Gorkha leaders seek Centre's intervention
As the indefinite shutdown in the Darjeeling hills called by the Gorkha Janamukti Morcha (GJM) to press for separation from West Bengal kept the region paralysed on Wednesday, GJM leaders reiterated their demand for a separate state and asked for the Centre's intervention to "uphold the democratic rights of the people".
The West Bengal government has agreed to tripratite talks with the Gorkha leaders and the Centre to discuss the issue.
"We've been demanding a separate Gorkhaland since 1907. Over a century has passed, but we are yet to get any separate administrative region. Until and unless we have a separate state, our protest will continue," GJM general secretary Roshan Giri told IANS.
"At the all-party meeting at the Darjeeling Gymkhana Club on Tuesday, we adopted a resolution narrating the atrocities by Bengali-speaking outfits on GJM activists in Siliguri. Each of the 13 parties present there endorsed our demand for Gorkhaland," Giri said.
The GJM's call for an indefinite shutdown has paralysed normal life in the hills since Monday evening. The party has asked its supporters to stage relay hunger strikes in other parts of the state.
"We are now carrying on a relay hunger strike in Salubari, Salugara, and Bedgera in Siliguri sub-division. This apart, we are also staging hunger strikes in Naxalbari and Dooars," he said.
Coming down heavily on the state's Communist Party of India-Marxist (CPI-M) led Left Front government for banning the assembly of more than four persons in Siliguri, Dooars and Terai, Giri said: "It was a well-planned game of the CPI-M to stop the hunger strike. It only proves there is no democracy in West Bengal. The Centre should intervene to solve the Gorkhaland issue."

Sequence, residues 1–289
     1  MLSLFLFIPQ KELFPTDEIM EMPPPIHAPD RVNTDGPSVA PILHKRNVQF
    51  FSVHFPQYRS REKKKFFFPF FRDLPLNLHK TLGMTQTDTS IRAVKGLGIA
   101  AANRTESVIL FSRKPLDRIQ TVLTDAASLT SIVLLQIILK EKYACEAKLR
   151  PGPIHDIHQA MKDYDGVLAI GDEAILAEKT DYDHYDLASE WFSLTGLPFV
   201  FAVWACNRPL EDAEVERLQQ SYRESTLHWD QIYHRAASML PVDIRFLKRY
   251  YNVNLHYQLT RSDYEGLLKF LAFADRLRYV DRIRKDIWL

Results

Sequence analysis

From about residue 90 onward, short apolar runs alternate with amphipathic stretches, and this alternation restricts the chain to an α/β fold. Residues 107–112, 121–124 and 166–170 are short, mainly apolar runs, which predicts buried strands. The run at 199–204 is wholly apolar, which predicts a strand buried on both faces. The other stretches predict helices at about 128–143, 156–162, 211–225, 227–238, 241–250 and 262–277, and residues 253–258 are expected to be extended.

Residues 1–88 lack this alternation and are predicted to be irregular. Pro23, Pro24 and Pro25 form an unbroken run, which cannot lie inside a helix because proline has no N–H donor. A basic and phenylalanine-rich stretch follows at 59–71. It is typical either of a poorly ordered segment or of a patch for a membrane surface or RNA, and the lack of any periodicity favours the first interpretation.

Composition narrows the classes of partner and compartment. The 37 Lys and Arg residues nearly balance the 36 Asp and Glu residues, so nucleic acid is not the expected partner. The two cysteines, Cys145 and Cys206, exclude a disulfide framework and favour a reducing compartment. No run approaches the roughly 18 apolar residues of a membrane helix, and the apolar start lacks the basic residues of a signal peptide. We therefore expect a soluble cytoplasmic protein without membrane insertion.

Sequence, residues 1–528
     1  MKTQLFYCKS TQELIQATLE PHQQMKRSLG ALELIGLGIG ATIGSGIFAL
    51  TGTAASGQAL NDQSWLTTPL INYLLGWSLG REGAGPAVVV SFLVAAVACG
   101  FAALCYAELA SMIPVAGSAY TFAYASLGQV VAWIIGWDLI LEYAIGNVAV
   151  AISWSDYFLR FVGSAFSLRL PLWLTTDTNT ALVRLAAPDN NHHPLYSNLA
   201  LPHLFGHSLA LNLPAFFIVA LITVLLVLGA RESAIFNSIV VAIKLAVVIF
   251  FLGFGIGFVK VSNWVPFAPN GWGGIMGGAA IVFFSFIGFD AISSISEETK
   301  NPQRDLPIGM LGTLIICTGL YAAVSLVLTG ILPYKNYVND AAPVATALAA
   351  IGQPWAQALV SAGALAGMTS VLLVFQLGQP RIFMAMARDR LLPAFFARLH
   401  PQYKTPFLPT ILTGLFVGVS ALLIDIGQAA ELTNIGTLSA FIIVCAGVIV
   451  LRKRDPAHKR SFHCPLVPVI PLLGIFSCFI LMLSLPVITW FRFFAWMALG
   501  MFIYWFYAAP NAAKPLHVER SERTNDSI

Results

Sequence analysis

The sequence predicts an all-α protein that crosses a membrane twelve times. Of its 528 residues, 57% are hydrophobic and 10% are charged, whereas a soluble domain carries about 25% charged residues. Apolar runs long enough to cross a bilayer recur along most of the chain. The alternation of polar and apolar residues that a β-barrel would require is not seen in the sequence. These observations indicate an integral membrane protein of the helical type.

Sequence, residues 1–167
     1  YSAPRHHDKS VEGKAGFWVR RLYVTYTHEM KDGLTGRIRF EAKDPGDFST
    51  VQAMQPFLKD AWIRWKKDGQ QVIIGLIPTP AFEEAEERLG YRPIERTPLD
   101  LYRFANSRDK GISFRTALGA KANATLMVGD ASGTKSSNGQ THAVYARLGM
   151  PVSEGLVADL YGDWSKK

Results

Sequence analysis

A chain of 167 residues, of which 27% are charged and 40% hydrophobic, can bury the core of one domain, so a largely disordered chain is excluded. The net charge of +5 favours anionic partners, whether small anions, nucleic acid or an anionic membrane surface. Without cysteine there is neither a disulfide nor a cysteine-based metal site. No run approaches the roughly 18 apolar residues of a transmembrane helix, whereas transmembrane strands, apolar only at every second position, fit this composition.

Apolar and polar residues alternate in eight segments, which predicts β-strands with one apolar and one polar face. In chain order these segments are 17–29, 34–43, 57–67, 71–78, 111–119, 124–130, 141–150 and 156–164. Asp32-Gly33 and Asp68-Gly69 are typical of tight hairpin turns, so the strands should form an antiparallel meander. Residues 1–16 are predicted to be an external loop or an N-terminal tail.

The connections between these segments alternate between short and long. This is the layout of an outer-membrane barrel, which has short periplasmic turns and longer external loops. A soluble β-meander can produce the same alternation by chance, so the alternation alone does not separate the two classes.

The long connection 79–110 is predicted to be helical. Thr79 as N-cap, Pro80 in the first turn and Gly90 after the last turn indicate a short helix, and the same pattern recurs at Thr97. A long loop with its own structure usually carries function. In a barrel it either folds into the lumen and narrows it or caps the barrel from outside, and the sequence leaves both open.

Echoing Giri, GJM central committee member Amar Lama urged the Central and state governments to concede to their demand.
"We have organised our shutdown peacefully and in a democratic way. We love Bengali people. But we don't want to be part of the state. We will request both the centre and the state government to allow our demand as it has come from the masses," Lama said.
Talking about the disruption of supplies to Sikkim after his party workers blockaded National Highway 31-A at Rongpo, he said: "We have nothing against anybody. We don't have any rivalry with West Bengal or Sikkim. We're just staging our own protests".
Sikkim has been virtually cut off from the outside world following the blockade, prompting Information and Broadcasting Minister Priya Ranjan Dasmunsi and West Bnegal Chief Minister Buddhadeb Bhattacharjee to appeal to the GJM Tuesday not to "punish the people of Sikkim" by blocking the key highway.
On the invitation from the state government for a dialogue, Lama said: "The state government has kept the agenda open. But we have to take a decision after discussing the issue in the party."
After an all-party meeting in Kolkata Tuesday, Bhattacharjee urged GJM to withdraw the shutdown and come to the discussion table for finding a political solution to the problem. The GJM was not invited to the all-party meeting, but Bhattacharjee had requested it to hold separate talks with him Wednesday. The party turned down the invitation.
Bhattacharjee also said Tuesday the state government had no objections to tripartite talks involving the Centre and the GJM.
Asked whether the party has received any communiqué from the state government on the tripartite talks, Lama said: "Officially, we have not received anything".
With the Gorkhaland demand triggering violence in the Darjeeling, Siliguri and Jalpaiguri districts, tea and tourism - the mainstay of the region - have been severely hit.
The GJM has been leading the movement in the hills for a separate state, besides opposing the Sixth Schedule status for Darjeeling district that ensures greater autonomy to the district's governing body Darjeeling Gorkha Hill Council.
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